Every day we open so many emails, respond to so many text messages and get so overwhelmed by the digital deluge, we wonder how we find time to do any work.
And we ourselves are to blame—we deploy technology that is optimized and commoditized according to an industrial-age model, namely, Shannon's "information theory". Just like a manufacturing assembly line, we break up knowledge work into small fragments and use our emails, texts, and social networks to exchange messages we already expect to receive. But this imprisons us in the past, because predictable messages can only tell us what we already know. Doing new things—innovating—means sharing messages we don't expect, with novel content and new ideas. Ironically, creating new ideas has become more expensive because of the burden of managing the deluge of messages we've made it so cheap to share.
We cannot solve this problem with the same technology that has caused it. To innovate, we need a new class of software grounded instead in "conversation theory", with a new economic unit of exchange: the insight. Our goal is to lower the cost of reaching insights—important ones, those that solve economic problems—and thereby create value. We envision a technology architecture that manages all the components of effective conversation—context, language, engagement, agreement, and coordinated transactions (C-L-E-A-T). This leads to new efficiencies in creating new business strategies, giving rise to a new marketplace while creating new sources of wealth. Call this new era "the conversation age", based on an economy of insight.
Thanks to André Vellozo, Global CEO, RedDrummer; and Walter Lee, RedDrummer US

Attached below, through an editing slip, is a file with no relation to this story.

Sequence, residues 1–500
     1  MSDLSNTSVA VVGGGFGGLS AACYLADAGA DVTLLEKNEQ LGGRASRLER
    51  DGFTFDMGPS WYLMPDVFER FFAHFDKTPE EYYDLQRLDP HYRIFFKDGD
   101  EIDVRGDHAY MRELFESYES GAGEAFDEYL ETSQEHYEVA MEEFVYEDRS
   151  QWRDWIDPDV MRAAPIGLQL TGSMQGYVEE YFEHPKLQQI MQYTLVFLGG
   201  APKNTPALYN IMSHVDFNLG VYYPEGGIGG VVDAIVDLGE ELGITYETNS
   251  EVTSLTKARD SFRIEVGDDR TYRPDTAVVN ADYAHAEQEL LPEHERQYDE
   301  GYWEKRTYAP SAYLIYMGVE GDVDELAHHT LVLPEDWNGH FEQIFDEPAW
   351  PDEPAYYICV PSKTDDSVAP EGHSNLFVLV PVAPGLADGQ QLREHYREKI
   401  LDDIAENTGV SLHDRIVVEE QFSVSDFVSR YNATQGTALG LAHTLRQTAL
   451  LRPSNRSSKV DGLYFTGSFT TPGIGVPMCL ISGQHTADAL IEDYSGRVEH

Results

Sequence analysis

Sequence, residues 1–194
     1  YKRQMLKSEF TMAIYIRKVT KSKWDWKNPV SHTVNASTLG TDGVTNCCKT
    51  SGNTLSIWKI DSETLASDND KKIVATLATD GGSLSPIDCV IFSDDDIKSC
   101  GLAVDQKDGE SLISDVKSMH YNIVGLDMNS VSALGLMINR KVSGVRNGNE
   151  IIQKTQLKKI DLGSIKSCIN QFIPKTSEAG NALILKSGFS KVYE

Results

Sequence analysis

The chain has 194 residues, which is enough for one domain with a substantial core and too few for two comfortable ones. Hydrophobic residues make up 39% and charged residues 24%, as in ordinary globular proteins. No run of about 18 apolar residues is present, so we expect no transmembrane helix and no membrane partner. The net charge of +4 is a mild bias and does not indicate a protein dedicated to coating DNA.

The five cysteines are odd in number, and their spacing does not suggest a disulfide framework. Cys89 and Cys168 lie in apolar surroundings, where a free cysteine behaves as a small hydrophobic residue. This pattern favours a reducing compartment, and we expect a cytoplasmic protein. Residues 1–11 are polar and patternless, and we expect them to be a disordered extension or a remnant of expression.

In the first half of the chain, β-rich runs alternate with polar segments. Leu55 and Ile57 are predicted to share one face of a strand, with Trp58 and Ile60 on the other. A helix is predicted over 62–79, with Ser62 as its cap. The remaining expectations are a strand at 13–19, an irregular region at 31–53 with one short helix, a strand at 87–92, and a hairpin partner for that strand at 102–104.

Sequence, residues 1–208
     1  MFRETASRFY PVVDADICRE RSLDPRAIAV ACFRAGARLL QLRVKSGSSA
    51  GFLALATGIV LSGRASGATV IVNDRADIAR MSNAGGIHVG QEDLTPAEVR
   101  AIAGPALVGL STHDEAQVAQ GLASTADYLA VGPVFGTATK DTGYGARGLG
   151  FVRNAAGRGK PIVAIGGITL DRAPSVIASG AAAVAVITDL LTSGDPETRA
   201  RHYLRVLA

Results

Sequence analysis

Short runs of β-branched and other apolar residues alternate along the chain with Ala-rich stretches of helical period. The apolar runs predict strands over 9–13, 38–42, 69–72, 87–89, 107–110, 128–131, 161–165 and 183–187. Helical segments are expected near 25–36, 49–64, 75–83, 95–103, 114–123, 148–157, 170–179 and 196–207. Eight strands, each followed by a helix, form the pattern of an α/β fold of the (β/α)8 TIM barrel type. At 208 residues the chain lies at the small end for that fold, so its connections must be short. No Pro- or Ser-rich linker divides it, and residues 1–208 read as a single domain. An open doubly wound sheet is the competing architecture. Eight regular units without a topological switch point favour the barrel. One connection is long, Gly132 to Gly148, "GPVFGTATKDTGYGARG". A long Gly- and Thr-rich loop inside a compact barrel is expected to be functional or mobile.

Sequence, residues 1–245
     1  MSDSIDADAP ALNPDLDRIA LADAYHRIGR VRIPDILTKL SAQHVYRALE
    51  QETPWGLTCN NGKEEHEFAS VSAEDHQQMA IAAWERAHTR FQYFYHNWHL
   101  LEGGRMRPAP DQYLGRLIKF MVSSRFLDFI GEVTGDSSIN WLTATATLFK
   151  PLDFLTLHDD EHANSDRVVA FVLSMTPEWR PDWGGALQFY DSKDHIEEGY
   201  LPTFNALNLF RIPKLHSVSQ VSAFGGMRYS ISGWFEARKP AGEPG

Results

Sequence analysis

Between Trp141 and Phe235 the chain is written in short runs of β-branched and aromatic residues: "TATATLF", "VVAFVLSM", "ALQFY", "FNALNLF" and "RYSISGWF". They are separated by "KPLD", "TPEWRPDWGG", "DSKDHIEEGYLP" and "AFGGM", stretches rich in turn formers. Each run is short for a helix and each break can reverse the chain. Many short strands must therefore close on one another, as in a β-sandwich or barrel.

Paul Pangaro combines technical depth, marketing and business acumen, and passion for designing products and services that serve the cognitive and social needs of human beings. He has worked as CTO for startups such as Idealab's Snap.com, developed product roadmaps for consumer Internet companies, and managed developer outreach and web properties for Sun Microsystems, where he held the position of Senior Director / Distinguished Market Strategist and published a short book on transforming an existing business into new viability. From his background in the cybernetics of language, Paul has developed a methodology for modeling the conversations users need in order to understand how services can achieve their goals, and that brands need to convery value to and connect with their customers. He has collaborated closely with designers in creating high-traffic web sites and models of gnarly concepts such as innovation, play, and the creative process. From 2001 through 2007 he co-taught a course at Stanford University on the cybernetics of design. He has collaborated to create methologies for understanding and cultivating innovation strategies that he has presented in Brazil and Austria. Paul was awarded a BSci from MIT in Computer Science and Humanities, and a PhD from Brunel University, where Gordon Pask was his thesis advisor. He is currently founder and CTO of Cybernetic Lifestyles.com, a strategic marketing and product innovation consulting firm in New York City, with clients including Zite, Samsung, Nokia, Alcatel-Lucent, Instituto Itaú Cultural (São Paulo), Intellectual Ventures, Citigroup, Poetry Foundation, and Ogilvy & Mather. He serves on the board of Artship San Francisco, and is a Fellow andChair of the Trustees of the American Society for Cybernetics.